SUMMARY OF THE INVENTION

Disclosed is a computer program that can be installed on a computer server and designed as web pages that can be accessed over the Internet by password to prepare financial planning reports. One of the key features of this program that saves substantial time and effort for both the professional advisor and the individual is the way in which a person's present living expenses or standard of living is determined. Typically, financial planning programs require individuals to itemize and review their existing expenses. This requires them to review their monthly bills and checks written to come up with an average monthly or annual cost for each item that can then be totaled to arrive at their current expenses. The disclosed program actually computes for the client, what their monthly expenses are by working backwards from gross income. The program takes gross income, subtracts income taxes, subtracts all money put into savings programs, and whatever is left is what the client spends in a given year or month. It further itemizes and subtracts the monthly payments for debt service since these items will be fully amortized or paid off at some point in the future and should not be included in baseline living expenses that will continue through a person's lifetime. The balance left after these calculations are completed represents the individual's current annual living expenses or standard of living that needs to be sustained throughout their lifetime with adjustments for inflation. This is a computer implemented process using the arithmetic logic circuitry of a digital computer. Such arithmetic logic circuitry has been known since the dawn of digital computers and need not be explained in detail here. One example of this circuitry is seen in U.S. Pat. No. 4,422,143 issued Dec. 30, 1983 and incorporated herein by reference. Many other examples can be shown.

There are three major reports that the program produces: (1) an income and expense report; (2) an asset and liability report or balance sheet; and (3) a cash flow report that shows all of items that impact cash flow on a year by year basis throughout the rest of the individual or client's lifetime.

If there are cash flow shortfalls in any year, the program uses a two step present value calculation to determine how much the individual would need in a lump sum today or contribute monthly or annually to provide sufficient funds in the year needed to fill the shortfall.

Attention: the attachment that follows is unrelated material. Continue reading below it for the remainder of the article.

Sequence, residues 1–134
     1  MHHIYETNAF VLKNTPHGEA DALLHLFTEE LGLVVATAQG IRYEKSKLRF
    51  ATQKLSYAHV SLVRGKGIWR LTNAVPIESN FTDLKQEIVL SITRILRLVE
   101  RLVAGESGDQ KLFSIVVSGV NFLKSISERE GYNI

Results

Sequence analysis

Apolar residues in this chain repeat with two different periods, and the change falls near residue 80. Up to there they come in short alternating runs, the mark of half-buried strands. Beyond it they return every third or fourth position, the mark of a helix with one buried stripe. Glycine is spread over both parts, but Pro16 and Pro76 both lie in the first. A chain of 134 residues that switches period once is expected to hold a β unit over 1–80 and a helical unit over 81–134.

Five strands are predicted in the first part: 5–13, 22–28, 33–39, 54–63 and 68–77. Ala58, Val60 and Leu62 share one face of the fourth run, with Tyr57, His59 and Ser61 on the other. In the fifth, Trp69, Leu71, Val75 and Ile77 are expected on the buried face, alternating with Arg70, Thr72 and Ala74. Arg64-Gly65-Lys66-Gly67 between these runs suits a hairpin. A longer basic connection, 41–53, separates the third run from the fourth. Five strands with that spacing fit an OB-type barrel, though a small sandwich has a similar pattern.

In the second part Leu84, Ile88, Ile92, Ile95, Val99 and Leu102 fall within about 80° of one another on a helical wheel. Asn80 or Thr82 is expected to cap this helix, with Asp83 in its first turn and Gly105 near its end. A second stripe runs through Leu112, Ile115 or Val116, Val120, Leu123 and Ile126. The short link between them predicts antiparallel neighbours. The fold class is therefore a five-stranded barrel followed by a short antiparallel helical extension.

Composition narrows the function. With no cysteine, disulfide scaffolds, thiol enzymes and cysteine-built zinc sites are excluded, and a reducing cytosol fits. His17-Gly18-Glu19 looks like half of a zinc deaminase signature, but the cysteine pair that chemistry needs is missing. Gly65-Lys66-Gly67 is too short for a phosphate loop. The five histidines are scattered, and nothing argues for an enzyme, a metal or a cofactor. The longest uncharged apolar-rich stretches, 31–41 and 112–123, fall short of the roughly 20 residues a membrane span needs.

BRIEF DESCRIPTION OF THE DRAWINGS

The following figures are illustrations of display screens useful in the disclosed system.

FIG. 1A illustrates the Flow of Program Information and Data in one embodiment of our invention.

FIG. 1B illustrates an input screen for Price Schedules for becoming a System User.

FIG. 1C illustrates an input screen for Payment and Credit Card Information.

FIG. 1D illustrates an input screen for Planner/User Account Information.

FIG. 1E illustrates in input screen for Logging On to Use the Program.

FIG. 1F illustrates an input screen for searching for Existing Client.

FIG. 2A illustrates an input screen for Entering New Client/Joint Client Information.

FIG. 2B illustrates an input screen for Entering Plan Date and Plan Default Information.

FIG. 2C illustrates an input screen for Entering Income Standard Entries.

FIG. 2D illustrates an input screen for Entering Expense Standard Entries.

FIG. 2E illustrates an input screen for Entering Assets.

FIG. 2F illustrates an input screen for Entering Liabilities.

FIG. 2G illustrates an input screen for Entering Investment Standard and investment optional Entries.

FIG. 3A illustrates a Report Cover Page with Client and Advisor Information.

FIG. 3B illustrates Legal and Compliance Disclosures.

FIG. 3C illustrates a Client Income and Expense Report.

FIG. 3D illustrates a Client Asset and Liability Report.

FIG. 3E illustrates a Basis for Setting Investment Target Returns.

FIG. 3F illustrates Assumptions Used for Preparing Reports.

FIGS. 3G1 through 3G9 illustrate a Year by Year Report of Client Income, Expenses, and Cash Flow Targets.

FIG. 3G10 illustrates a Cash Flow Surplus or Shortfall Report.

FIG. 3H illustrates Withdrawal Options for the Next Generation.

FIG. 3I illustrates the processes a web server uses to present row and column data on a web page;

DETAILED DESCRIPTION

Referring to FIG. 1A, the flow of information from data input screens to the above three primary reports produced by the invention is shown in block form. Generally, the process is to use the input screens shown in Input Screens FIGS. 1B through 1F and 1D, E and F and Input Screens FIGS. 2A through 2G to provide to a program the information necessary to produce the documents and reports shown in FIGS. 3A through 3H. It will be appreciated that the screens can be combined as expanded to produce less than or more than twelve screens, and that twelve screens is used only as an example.

The following is a detailed description of each of the input screens and how the information provided in those screens can be used in preparing all of the documents and reports.